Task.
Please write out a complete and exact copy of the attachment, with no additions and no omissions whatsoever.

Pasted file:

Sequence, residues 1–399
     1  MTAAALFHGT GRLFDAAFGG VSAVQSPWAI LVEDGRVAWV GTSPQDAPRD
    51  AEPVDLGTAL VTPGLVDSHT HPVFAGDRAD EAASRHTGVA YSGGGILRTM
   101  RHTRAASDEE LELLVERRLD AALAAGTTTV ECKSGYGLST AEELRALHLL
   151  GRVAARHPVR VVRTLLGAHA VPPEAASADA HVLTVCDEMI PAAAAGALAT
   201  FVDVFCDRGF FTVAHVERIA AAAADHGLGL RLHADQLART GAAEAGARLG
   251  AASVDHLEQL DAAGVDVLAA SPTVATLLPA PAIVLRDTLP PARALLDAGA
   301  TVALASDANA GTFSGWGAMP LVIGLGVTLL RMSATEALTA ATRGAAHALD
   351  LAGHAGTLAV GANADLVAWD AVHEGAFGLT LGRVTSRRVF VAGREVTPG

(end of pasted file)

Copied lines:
Sequence, residues 1–399
     1  MTAAALFHGT GRLFDAAFGG VSAVQSPWAI LVEDGRVAWV GTSPQDAPRD
    51  AEPVDLGTAL VTPGLVDSHT HPVFAGDRAD EAASRHTGVA YSGGGILRTM
   101  RHTRAASDEE LELLVERRLD AALAAGTTTV ECKSGYGLST AEELRALHLL
   151  GRVAARHPVR VVRTLLGAHA VPPEAASADA HVLTVCDEMI PAAAAGALAT
   201  FVDVFCDRGF FTVAHVERIA AAAADHGLGL RLHADQLART GAAEAGARLG
   251  AASVDHLEQL DAAGVDVLAA SPTVATLLPA PAIVLRDTLP PARALLDAGA
   301  TVALASDANA GTFSGWGAMP LVIGLGVTLL RMSATEALTA ATRGAAHALD
   351  LAGHAGTLAV GANADLVAWD AVHEGAFGLT LGRVTSRRVF VAGREVTPG